“How do I protect my work online?”
I get asked that a lot. So much in fact that I’ve given half a dozen presentations on it over the past eighteen months. I could probably build my whole law practice around that one question and make a decent living at it. When you consider the ubiquity of the internet and the ease in which work can be taken and repurposed without your knowledge, you can see why it's such a pressing issue. Last year I partially addressed it in a blog post about licensing work to people who'd already infringed it. The gist of my argument was that instead of getting mad, maybe there was a way to get paid instead. After all, if the infringement has already taken place, why not try to make a few bucks off it?
But you don't have to wait until you've been infringed to make a deal. You should try and do it before the infringement even takes place. How? By offering licensing options to your work right up front! As you'll see below, doing this is so simple you're going to kick yourself for not thinking of it sooner.
1. Be easy to contact. Wherever your work shows up - your website, Linkedin, Behance, Pinterest, Facebook, etc. - place your contact information in a conspicuous place. A lot of work is taken without permission because a potential buyer couldn’t get in touch with the artist, so this feels like an easy fix. Offer more than one way to get in touch so the buyer knows you're actually reachable. Some artists are understandably hesitant to give out their phone numbers, but as long as a buyer can reach you by email and at least one other method, you're good to go.
2. Tell them you're ready to do business. Put some variation of the phrase "Licenses available upon request. Contact for more information." clearly and visibly on any website where your work appears. This clearly communicates to the buyer that you're ready to do business. It's also good as an evidentiary CYA move if you ever had to prosecute an infringement case down the road. It's much harder for an infringer to argue in good faith that he didn't know your works were available for purchase if you state it in big bold letters. If certain pieces are not for sale, make sure they are clearly labeled as such. For example, "This image is not available for license or sale."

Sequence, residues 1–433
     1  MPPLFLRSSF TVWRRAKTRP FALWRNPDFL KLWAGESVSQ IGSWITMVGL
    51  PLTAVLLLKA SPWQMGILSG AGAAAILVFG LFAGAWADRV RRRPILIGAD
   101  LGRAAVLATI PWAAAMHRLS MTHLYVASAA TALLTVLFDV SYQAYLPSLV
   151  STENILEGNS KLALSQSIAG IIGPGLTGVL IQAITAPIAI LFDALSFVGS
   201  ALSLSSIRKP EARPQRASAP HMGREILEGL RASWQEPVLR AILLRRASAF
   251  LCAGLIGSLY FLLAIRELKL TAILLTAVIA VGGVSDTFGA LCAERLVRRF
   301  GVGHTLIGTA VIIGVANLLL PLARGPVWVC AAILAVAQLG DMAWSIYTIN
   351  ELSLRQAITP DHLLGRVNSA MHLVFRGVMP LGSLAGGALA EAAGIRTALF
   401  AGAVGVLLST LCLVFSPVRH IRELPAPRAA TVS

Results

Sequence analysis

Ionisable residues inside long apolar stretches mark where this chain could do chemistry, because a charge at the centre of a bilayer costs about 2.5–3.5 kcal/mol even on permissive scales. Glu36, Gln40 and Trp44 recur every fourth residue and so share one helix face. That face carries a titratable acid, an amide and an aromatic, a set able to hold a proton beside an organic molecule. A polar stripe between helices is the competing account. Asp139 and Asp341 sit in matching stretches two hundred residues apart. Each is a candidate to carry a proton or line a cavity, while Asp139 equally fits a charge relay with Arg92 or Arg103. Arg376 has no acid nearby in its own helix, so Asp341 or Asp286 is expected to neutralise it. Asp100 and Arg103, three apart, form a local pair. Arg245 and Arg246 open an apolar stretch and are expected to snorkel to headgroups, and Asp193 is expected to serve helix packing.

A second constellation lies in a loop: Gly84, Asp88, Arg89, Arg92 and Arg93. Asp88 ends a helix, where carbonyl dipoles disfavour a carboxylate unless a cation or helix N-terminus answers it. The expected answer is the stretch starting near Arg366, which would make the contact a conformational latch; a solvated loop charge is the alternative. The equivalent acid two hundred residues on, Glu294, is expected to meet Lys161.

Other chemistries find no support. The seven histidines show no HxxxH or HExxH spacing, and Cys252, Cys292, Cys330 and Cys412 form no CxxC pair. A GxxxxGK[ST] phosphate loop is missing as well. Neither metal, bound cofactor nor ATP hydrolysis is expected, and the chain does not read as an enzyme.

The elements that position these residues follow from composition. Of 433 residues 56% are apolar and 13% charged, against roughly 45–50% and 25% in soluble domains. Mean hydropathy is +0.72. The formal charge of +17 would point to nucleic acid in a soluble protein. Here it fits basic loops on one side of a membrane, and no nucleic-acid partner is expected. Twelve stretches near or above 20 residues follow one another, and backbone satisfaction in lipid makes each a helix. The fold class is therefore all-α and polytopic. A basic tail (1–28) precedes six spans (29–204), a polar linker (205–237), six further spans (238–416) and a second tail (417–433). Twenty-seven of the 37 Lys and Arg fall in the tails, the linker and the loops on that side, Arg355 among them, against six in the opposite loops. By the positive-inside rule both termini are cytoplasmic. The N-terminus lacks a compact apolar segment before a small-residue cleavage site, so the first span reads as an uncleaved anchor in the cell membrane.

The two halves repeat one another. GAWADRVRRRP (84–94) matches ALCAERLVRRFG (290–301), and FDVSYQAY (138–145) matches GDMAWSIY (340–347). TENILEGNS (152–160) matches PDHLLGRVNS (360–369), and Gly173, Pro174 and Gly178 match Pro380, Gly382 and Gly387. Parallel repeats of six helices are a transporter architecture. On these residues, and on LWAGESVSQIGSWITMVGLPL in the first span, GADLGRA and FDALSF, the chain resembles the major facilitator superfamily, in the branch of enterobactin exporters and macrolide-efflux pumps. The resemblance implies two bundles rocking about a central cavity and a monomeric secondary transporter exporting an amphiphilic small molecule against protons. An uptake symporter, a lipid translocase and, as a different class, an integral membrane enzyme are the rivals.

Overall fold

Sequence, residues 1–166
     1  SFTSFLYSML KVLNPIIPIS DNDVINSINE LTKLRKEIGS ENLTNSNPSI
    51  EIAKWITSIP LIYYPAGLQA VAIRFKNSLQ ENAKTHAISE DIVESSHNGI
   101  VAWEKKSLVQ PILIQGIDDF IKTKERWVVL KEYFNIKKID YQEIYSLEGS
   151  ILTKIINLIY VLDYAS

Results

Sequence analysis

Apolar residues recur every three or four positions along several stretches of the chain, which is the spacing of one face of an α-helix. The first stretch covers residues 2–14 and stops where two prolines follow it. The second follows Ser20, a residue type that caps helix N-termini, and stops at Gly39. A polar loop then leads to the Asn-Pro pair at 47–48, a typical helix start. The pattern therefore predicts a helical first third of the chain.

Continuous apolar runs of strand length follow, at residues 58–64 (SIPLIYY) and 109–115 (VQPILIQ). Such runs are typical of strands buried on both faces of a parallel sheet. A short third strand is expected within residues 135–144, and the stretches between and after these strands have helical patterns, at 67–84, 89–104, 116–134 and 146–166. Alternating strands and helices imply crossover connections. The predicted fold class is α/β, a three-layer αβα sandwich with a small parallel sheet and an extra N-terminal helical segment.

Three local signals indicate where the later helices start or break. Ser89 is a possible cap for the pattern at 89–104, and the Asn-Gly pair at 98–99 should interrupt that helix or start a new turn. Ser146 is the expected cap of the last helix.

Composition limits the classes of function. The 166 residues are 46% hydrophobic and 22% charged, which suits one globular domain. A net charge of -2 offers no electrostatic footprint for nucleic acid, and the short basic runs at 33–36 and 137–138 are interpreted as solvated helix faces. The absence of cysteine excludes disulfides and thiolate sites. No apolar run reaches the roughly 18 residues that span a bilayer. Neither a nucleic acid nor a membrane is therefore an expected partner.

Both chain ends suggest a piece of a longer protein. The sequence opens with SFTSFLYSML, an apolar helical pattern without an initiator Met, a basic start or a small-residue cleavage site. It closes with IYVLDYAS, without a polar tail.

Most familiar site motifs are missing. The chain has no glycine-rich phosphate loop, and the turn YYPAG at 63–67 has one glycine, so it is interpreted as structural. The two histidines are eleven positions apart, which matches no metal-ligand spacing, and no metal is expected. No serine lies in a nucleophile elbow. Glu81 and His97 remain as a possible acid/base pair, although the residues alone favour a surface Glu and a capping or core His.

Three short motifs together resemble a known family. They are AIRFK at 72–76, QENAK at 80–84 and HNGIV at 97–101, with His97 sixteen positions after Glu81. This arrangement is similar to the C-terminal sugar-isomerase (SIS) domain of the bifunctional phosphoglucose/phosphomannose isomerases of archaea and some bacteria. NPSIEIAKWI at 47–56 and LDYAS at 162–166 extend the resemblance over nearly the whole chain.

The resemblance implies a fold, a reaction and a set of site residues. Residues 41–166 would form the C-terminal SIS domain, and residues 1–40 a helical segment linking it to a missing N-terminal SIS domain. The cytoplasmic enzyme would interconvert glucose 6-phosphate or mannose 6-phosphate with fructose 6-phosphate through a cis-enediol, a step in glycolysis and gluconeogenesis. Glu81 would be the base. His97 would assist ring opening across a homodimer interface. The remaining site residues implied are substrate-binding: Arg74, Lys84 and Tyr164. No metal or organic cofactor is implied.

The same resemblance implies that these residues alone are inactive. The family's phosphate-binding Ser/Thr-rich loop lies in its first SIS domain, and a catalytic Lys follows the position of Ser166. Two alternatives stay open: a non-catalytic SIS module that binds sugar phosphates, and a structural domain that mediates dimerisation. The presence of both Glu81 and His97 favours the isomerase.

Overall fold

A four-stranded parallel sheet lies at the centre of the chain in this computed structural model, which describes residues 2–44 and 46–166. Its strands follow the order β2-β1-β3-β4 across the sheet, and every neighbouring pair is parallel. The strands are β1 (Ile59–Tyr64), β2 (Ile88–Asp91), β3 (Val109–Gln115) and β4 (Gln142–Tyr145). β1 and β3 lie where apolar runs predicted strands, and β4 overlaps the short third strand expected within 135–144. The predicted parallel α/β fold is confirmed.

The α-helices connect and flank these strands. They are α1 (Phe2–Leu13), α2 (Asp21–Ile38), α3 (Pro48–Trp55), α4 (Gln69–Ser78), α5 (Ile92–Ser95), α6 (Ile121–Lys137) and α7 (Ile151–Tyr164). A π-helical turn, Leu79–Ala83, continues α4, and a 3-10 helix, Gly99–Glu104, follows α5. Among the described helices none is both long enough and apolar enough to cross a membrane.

3. Be ready to do business when the requests come in. Have sales or licensing options ready to go. If the piece is for sale, indicate in writing whether or not the copyright (and all attendant ownership rights) is conveyed along with the actual physical piece. The buyer has a right to know if he’s getting the copyright or not. If you go the licensing route, you can use pre-existing licensing agreements like those at Creative Commons or you can make your own. If you choose the latter, be sure to include these terms:
- The amount of time the buyer can use your work;
- The purpose of his use;
- Whether or not he can make derivatives or copies;
- Whether or not he can distribute your work or its derivatives;
- The amount of the work he can use;
- The geographical location he can use your work in;
- Whether or not he must credit you as the author;
- Any fees, payments, royalties stemming from the use.
This isn't an exhaustive list of licensing terms (and they will vary depending on your comfort level), but it's a good start and should cover most scenarios. If you're savvy enough at programming, you can even create functionality in your website that allows buyers to license your artwork automatically, without ever needing to contact you.
Obviously this strategy isn't going to apply to all of you, and it won't always works either. Sometimes people just want to steal to see if they can get away with it. That said, it's my experience that most infringers don't realize they're doing something wrong and are more than willing to parlay with you if they only knew how. So give them the option. It's easy to do and the results could be an uptick in your business. Considering how little effort this strategy requires, isn't it worth a shot